Kato stood in the center of the windowless room, watching the solid wood door, anxiously waiting for it to open, listening for the slightest sound, any hint that Joan and Akito had arrived. He imagined hearing his son’s laughter or the boy asking his mother a question as they walked down the narrow halls of the nearly deserted building, the soft sound drifting in through the door. But it had been utterly silent thus far. Kato wondered if there had been a problem. If Joan had declined to meet with him; if she had refused to let him see his son.
In the middle of the room was a group of cheap, dusty furniture: a fabric couch, a coffee table with nothing on top, and two matching chairs. The decor reminded Kato of a doctor’s office—or more likely, the waiting room of a government office building, which was probably where the furnishings had come from, at the end of their useful life, discarded to be thrown into a landfill, only to be sucked into this black hole of a location where they hadn’t seen the light of day since. This was a sort of place out of time, a tomb hidden away from the world.
Beyond the door, Kato heard the faint hint of the sound he had been waiting for: Akito’s singsong voice. “Mommy, where is the people?”
A pause, then he pressed on. “Where they go?” “Be quiet, Akito,” she said, voice hushed.
Akito had always been a curious child. Every new discovery sparked a dozen questions from the boy. Kato thought that trait would serve him well in life. And possibly get him in some trouble, but sometimes a person’s passions had a way of doing that.
The door opened, and a uniformed marine held the handle just long enough for Joan and Akito to step inside before closing it.
Kato’s wife stared at him, eyes filled with a mix of anger, fear, and something he thought might be relief—perhaps at the fact that he was here
or maybe that he was alive (he didn’t know what they had told her to get her to come).
She held Akito in front of her, her hands on his chest.
Kato hadn’t seen them in person for nearly seven months. His son, who was almost four now, appeared to have aged years. He was taller, his face more mature—more like Kato’s face, except for the wicked scar that ran from his nose to his chin.
If there was one thing Kato liked about being a father, it was how his son looked at him—like no other person on Earth. Kato had gotten the scar two years before his son came into the world. Akito had never known him without the scar. And when he looked at his father, he didn’t see a monster. Just the opposite. He saw a protector. A playmate. A provider.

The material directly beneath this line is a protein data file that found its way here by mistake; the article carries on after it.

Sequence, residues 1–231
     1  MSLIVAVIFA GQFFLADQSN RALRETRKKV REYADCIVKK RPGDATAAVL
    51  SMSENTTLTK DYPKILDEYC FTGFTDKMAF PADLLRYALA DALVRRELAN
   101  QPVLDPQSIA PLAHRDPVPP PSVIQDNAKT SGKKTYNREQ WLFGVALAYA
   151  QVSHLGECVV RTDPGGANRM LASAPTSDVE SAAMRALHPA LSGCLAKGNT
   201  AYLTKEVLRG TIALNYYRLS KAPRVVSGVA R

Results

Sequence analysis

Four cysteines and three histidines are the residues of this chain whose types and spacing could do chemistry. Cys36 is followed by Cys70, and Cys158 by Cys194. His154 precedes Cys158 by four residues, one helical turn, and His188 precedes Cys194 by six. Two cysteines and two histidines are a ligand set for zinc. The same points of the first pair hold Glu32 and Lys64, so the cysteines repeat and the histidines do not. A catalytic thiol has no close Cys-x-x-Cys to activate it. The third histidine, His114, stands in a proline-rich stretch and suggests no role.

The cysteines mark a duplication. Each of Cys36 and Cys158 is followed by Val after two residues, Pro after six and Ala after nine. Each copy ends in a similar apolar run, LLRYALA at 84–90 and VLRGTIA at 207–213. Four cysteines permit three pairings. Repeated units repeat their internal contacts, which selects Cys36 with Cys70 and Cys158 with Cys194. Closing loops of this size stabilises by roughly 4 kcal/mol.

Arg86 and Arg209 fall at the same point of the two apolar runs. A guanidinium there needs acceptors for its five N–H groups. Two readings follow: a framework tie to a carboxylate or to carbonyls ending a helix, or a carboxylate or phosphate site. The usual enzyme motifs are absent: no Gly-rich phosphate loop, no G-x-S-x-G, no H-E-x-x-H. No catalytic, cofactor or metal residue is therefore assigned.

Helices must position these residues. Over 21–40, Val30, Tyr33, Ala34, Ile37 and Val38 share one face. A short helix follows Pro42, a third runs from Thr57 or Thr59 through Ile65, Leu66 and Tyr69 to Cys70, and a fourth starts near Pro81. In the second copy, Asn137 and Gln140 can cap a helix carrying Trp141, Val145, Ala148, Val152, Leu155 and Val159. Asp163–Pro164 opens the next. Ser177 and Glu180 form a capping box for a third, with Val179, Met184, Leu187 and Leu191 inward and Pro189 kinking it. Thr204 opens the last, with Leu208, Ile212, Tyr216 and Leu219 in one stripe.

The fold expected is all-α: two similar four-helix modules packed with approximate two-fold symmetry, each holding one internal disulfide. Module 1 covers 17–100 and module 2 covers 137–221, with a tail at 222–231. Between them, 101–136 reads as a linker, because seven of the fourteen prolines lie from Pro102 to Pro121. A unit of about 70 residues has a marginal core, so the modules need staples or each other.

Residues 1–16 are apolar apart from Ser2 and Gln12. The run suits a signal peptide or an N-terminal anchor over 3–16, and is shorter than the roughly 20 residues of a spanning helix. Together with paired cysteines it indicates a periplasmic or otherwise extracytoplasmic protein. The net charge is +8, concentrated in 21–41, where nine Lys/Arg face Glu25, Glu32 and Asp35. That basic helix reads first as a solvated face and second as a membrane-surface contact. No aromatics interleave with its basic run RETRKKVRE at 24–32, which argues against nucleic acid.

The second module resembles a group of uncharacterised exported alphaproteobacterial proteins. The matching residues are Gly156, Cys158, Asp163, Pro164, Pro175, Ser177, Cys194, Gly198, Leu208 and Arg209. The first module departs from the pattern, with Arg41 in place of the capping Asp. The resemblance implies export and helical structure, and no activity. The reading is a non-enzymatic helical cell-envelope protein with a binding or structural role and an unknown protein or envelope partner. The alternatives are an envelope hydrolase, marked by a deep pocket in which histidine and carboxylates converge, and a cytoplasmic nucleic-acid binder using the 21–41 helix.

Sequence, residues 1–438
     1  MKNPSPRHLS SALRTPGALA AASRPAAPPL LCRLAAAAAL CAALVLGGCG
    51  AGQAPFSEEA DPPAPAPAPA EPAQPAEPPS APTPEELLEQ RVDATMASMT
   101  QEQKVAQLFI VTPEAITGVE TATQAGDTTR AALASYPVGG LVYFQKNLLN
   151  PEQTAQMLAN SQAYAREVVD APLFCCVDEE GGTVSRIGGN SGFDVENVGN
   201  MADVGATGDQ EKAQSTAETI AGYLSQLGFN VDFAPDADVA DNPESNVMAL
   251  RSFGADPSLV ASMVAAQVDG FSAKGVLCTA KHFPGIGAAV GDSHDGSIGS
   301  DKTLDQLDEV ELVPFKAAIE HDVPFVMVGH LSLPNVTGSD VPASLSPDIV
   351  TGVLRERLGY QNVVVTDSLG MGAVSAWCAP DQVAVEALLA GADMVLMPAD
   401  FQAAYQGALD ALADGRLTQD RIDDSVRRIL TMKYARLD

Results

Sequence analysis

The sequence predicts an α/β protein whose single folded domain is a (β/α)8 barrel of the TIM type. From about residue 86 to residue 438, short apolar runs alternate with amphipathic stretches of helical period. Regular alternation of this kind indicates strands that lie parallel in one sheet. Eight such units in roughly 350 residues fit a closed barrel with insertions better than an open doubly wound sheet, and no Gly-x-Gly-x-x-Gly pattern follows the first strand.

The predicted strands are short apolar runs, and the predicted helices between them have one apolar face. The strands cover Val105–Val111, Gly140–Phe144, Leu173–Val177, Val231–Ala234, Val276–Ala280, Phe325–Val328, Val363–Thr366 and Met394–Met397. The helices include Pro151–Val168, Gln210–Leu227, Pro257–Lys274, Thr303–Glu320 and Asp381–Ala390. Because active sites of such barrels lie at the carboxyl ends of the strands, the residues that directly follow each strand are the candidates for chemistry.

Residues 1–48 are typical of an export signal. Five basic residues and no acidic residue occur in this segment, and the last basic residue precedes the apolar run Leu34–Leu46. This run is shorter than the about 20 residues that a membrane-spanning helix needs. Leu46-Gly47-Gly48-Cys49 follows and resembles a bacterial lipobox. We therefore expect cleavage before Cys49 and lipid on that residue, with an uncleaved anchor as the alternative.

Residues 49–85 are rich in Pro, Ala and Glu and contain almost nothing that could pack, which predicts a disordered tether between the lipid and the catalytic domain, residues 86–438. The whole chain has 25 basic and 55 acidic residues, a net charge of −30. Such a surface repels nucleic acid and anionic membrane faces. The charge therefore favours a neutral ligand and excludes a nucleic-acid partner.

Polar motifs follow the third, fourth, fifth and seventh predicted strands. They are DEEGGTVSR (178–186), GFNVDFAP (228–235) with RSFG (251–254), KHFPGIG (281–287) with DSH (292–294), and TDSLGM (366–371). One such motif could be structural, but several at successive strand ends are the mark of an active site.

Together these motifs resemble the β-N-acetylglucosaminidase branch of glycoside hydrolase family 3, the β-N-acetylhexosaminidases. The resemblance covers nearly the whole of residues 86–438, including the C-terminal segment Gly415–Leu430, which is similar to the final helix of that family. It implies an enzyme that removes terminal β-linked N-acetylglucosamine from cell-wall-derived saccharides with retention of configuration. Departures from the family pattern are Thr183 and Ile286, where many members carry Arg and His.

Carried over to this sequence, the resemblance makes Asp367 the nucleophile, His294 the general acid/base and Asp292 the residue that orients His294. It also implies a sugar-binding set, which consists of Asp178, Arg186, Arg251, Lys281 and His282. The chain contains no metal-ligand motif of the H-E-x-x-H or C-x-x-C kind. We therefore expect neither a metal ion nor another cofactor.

Akito had once run a finger down Kato’s face and said, “Daddy got a boo-boo.” And that was all it was to him.
In time, the child would see it differently, but now, he stared up at his father with innocent, loving eyes, glittering with excitement that was spreading across his face. He broke free from his mother’s grasp and ran into Kato’s arms, yelling, “Daddy! Daddy!”
Kato hugged him tight and rocked him side to side, never taking his eyes off of Joan, who stood by the door, unmoving.
During his past deployments, they had talked via video conference. That had helped Kato get through them. Joan had refused to talk to him during his last deployment. That had weighed on Kato. It just may have been one of the things that had gotten him into the trouble he was in.
“Where is the people go, Daddy?” Akito asked. “They all went home, little one.”
“Their work was done.” “What work?”
Kato smiled as he sat on the couch, setting Akito in his lap. Joan sat in the chair diagonally from him, farthest away.
“All kinds of work. Some are wizards that make computers do things.” “Wizards!”
“That’s right. It’s like magic, only with robots and computers. Some make sure things get to where they need to go.”
“Like you, Daddy.”
“Sort of like me. They’re all trying to keep us safe. Their families too.” Kato looked at Joan. “Because they’d do anything for them.”
She glanced away from him and spoke quietly. “They put us in a van. Without windows. In the back, like we were delivery boxes. They played music so we couldn’t even hear where we were going.” She paused. “It wasn’t a black bag over our heads, but it did make me wonder: what did you do this time?”
“I haven’t done anything.”
“Is this about the court-martial?” “It’s not that.”
Akito looked at his mother. “What’s wrong, Mommy?” “Nothing.”
The door opened, and Gerhard Richter stepped inside. When he spoke, the thick German accent was gone, replaced by a neutral American accent, the type that didn’t place him anywhere. Perhaps even more surprising was the warm smile on his face, a sharp contrast to the cold, expressionless man Kato had met the night before.
“Please, pardon the interruption, ma’am.” Richter held out his hands. “Just wanted to pop in here and say something we rarely get a chance to say to the families of the folks working on this project.”
Richter held Joan’s gaze a second. “Thank you.”
She nodded, clearly surprised.
“The work Kato is doing here could very likely change the world, ma’am. I’m not just being grandiose. I mean it—what he’s doing is that important. I know the work has been trying, especially lately, and I want you to know that we know that military spouses and children bear some of that weight too, not just the folks wearing the uniforms. I just wanted to tell you personally: we see you, we recognize your sacrifice, and we thank you.” Richter nodded. “Well, that’s it. That’s all I wanted to say. Again, pardon the interruption, and thank you again.”
When Richter left, some of Joan’s anger seemed to leave with him. The hardness in her eyes had softened, and when she looked at Kato, he thought he saw a shadow of who she was before, in the years before his troubles started.